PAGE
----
such massive amount of human resource for such activities? And most of
all, are those people will work for free, based on their enthusiasm,
or well paid?

Because if you pay to people, then you having full right to demand
things to be done right and
in right term. But if you don't, then just please shut up and stop
bashing people who doing everything
for free, so you can use it paying NOTHING.

So, next time you will say that you lost a bunch of money because of
Pharo, i'd like to also see an attached figures the amount of money
you invested into Pharo project.

> tnx 4 understanding, Guido Stepken
>



--
Best regards,
Igor Stasenko.

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Re: Are Objects really hard?

Guido Stepken
2012/2/14 Igor Stasenko <[hidden email]>


Now seriously, do you really think that people here are not considered
all of things you listed,
and not trying to improve things in those directions?

Don't see benchmarks anywhere on Pharo Homepage, even the 1.3 Image was not up to date for long time. Nobody really cared.

Stef as project leader missed to set up "daily todo list", list of dutys for the developers, payed or unpayed, doesn't play any role!

Choosing the *right* development process decides over the quality an speed of a product, free or unfree.
 
Also, do you have any idea how many man-hours it may require to
implement all items in your list?

Yes, 4-5 manyears? So, why reinventing the wheel, like with COGVM? LLVM ist much better supported by big, big, commercial companies.
 
And even if you can estimate it, do you have any idea where to find
such massive amount of human resource for such activities?

I wish, you would lean the profession of fundraising for Pharo. Set up an auction homepage, file out code to be refactored, or to be programmed, with call for bids, name the price, collect money. And you will see, there are thousands of Smalltalkers outside being a still reserve ... solving Pharo problems for a few bucks, mostly located in Asia, Russia, India.

In India a Smalltalk developer is about 600$/Month. Fully qualified.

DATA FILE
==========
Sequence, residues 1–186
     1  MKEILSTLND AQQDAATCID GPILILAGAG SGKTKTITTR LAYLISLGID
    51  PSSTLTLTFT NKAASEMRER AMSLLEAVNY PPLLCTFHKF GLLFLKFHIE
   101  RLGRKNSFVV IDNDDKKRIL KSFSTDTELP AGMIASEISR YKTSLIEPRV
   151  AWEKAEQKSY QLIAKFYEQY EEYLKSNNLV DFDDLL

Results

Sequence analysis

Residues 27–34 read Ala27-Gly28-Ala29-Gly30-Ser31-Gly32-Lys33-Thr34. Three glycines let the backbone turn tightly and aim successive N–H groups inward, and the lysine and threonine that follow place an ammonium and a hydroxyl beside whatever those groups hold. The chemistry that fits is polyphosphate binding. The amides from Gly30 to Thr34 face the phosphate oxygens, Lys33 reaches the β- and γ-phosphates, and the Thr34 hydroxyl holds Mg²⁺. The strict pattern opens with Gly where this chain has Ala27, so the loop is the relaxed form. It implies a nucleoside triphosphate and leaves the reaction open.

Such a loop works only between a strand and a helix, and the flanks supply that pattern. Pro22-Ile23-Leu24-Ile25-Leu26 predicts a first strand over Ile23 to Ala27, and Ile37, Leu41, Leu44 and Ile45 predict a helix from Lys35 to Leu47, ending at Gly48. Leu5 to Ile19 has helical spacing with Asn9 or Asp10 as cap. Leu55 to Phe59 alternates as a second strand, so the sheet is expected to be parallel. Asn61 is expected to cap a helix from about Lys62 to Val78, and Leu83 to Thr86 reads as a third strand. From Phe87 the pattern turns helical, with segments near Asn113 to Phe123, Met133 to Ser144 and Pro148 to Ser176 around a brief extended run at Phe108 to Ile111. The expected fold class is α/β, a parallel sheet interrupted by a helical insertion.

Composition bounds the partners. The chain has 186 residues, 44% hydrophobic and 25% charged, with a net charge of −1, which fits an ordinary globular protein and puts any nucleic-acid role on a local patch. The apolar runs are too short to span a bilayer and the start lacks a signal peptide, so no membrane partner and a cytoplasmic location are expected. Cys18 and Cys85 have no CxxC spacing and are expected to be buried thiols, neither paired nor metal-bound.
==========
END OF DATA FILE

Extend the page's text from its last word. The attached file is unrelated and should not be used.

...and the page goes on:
And most of
all, are those people will work for free, based on their enthusiasm,
or well paid?

See above, wrong development process.
 

Because if you pay to people, then you having full right to demand
things to be done right and
in right term. But if you don't, then just please shut up and stop
bashing people who doing everything
for free, so you can use it paying NOTHING.

I am not bashing. You all don't understand how to set up successful projects.
 

So, next time you will say that you lost a bunch of money because of
Pharo, i'd like to also see an attached figures the amount of money
you invested into Pharo project.

 
Where is the list of sponsors for your Pharo projekt on the homepage? Private, Bronze, Silver, Gold, Platinum? The topten list of committers?

Have fun, Guido Stepken
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Re: Are Objects really hard?

Igor Stasenko
On 14 February 2012 19:36, Guido Stepken <[hidden email]> wrote:

> 2012/2/14 Igor Stasenko <[hidden email]>
>>
>>
>>
>> Now seriously, do you really think that people here are not considered
>> all of things you listed,
>> and not trying to improve things in those directions?
>
>
> Don't see benchmarks anywhere on Pharo Homepage, even the 1.3 Image was not
> up to date for long time. Nobody really cared.
>
> Stef as project leader missed to set up "daily todo list", list of dutys for
> the developers, payed or unpayed, doesn't play any role!
>
> Choosing the *right* development process decides over the quality an speed
> of a product, free or unfree.
>
>>
>> Also, do you have any idea how many man-hours it may require to
>> implement all items in your list?
>
>
> Yes, 4-5 manyears? So, why reinventing the wheel, like with COGVM? LLVM ist
> much better supported by big, big, commercial companies.
>
>>
>> And even if you can estimate it, do you have any idea where to find
>> such massive amount of human resource for such activities?
>
>
> I wish, you would lean the profession of fundraising for Pharo. Set up an
> auction homepage, file out code to be refactored, or to be programmed, with
> call for bids, name the price, collect money. And you will see, there are
> thousands of Smalltalkers outside being a still reserve ... solving Pharo
> problems for a few bucks, mostly located in Asia, Russia, India.
>
> In India a Smalltalk developer is about 600$/Month. Fully qualified.
>
>>
>> And most of
>> all, are those people will work for free, based on their enthusiasm,
>> or well paid?
>
>
> See above, wrong development process.
>
>>
>>
>> Because if you pay to people, then you having full right to demand
>> things to be done right and
>> in right term. But if you don't, then just please shut up and stop
>> bashing people who doing everything